While self-regulation and AVP skills are not a total panacea; this training provides a required experiential learning step essential to making better life choices.
Our intention is to start a wave of peace in the Albany, NY started by and sustained by enlightened youth that will eventually be endorsed and promoted among youth as a reliable and enticing alternative to fear based violent culture.
Our intention is to train a group of at-risk youth to learn peace building practices, with an emphasis on heart-coherence and established Alternatives to Violence tools. Alternatives to Violence Project conflict transformation programs offer experiential workshops to develop participants’ abilities to resolve conflicts without resorting to manipulation, coercion, or violence. These workshops will place a strong emphasis on the experiences of the participants, building confidence that everyone contributes something of value to violence prevention. Our hope is that after a year, we would have trained a group of youth leaders who will then peer lead Alternative to Violence practices under adult supervision. Students will also learn about heart-coherence and how it facilitates good-decision making under high stress.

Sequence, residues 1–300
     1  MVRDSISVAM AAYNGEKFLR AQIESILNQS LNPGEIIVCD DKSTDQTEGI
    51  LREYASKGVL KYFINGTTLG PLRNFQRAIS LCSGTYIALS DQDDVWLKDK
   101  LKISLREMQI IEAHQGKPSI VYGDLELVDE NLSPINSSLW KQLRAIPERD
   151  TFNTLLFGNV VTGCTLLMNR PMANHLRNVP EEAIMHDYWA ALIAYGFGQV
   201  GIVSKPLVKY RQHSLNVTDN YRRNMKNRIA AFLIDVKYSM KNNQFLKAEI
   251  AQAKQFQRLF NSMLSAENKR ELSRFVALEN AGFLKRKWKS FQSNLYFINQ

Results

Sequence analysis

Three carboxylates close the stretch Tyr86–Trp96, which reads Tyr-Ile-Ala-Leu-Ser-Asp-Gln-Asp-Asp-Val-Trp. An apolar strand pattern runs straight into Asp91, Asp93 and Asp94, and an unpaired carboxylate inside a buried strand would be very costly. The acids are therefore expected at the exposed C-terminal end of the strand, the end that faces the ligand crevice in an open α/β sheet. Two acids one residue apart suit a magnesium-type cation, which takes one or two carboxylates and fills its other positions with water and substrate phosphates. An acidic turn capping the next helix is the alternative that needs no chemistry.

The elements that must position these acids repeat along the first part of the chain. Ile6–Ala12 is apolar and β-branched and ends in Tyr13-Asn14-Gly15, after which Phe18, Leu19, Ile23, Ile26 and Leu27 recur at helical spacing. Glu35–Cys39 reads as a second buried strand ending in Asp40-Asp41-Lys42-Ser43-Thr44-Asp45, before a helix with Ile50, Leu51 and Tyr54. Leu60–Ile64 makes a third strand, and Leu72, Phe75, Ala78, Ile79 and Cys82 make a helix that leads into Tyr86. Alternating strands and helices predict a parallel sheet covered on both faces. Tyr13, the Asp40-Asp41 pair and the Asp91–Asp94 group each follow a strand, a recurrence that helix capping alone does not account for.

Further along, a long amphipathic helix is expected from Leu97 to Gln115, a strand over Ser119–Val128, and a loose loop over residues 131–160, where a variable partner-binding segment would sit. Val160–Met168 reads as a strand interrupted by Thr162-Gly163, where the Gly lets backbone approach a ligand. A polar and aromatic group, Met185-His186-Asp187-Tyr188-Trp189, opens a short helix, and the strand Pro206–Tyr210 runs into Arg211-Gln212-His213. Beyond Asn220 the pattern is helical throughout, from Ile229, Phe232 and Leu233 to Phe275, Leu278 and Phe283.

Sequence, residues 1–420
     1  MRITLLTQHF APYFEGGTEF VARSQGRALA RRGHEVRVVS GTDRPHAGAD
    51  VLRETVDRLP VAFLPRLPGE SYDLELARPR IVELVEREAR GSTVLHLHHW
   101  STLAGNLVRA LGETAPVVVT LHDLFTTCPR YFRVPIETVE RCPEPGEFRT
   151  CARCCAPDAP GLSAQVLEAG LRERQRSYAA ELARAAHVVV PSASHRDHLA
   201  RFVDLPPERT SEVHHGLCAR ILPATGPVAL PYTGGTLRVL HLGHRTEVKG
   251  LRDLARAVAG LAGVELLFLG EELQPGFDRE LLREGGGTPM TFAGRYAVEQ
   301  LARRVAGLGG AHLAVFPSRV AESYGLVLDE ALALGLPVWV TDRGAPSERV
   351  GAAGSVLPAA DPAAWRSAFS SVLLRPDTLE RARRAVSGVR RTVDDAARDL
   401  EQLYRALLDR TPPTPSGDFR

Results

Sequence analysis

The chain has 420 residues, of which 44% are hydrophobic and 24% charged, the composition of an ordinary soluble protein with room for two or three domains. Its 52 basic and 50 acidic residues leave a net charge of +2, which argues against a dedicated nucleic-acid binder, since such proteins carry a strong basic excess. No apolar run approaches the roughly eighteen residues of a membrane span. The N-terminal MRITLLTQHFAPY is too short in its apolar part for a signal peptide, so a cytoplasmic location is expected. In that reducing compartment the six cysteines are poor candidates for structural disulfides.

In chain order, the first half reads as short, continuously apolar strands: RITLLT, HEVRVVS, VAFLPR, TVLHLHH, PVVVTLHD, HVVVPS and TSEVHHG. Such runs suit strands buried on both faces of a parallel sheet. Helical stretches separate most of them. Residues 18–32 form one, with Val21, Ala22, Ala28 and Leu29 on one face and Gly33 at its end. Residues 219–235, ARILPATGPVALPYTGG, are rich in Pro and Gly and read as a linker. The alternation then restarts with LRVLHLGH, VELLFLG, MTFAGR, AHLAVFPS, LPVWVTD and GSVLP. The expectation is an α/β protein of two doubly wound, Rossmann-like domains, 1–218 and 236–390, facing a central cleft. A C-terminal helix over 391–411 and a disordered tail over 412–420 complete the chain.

Mindfulness As A Solution To Violence Facilitators:
Bethany Gonyea, MS
For the past 22 years Bethany Gonyea has been teaching biofeedback and self-regulation skills to a wide range of populations, including young inmates at Brookwood Secure Center, a facility for juvenile offenders who, while under the age of 16, committed violent felonies and were convicted and sentenced in adult criminal court. Brookwood Secure Center is the juvenile equivalent of a maximum security prison for adults. Ms. Gonyea is the founder of the Albany Peace Project which was created to make self-regulation skills available to all residents in Albany, NY. She has also done some work for the Albany Police Department and is responsible for introducing and establishing comprehensive mindfulness programs in nine capital district public schools with more scheduled for the 2016-2017 school year.
During his 22 years of service both in and out of prison, Bernard Shuman has spent thousands of hours volunteering his time to support others in turning away from crime, hatred, helplessness, and hopelessness, while urging them to turn toward faith, emotional healing, and offering assistance to others. Mr. Shuman holds a Gold Certificate for teaching and facilitating Alternatives to Violence, the highest certification possible. He also was trained to facilitate classes for Prisoners for AIDS Counseling and Education through Hudson Valley Community Service and ultimately enabled over 3,000 individuals to be tested for HIV infection. Mr. Shuman has an quiet impressive unassuming presence that young people admire which is why they listen intently to what he has to say.
His motto: “Don’t make the mistakes that I made.”
Volunteers from The Albany Peace Project
Albany Peace Project volunteers trained biofeedback self-regulation practices are available to help with administrative tasks and teach biofeedback principles.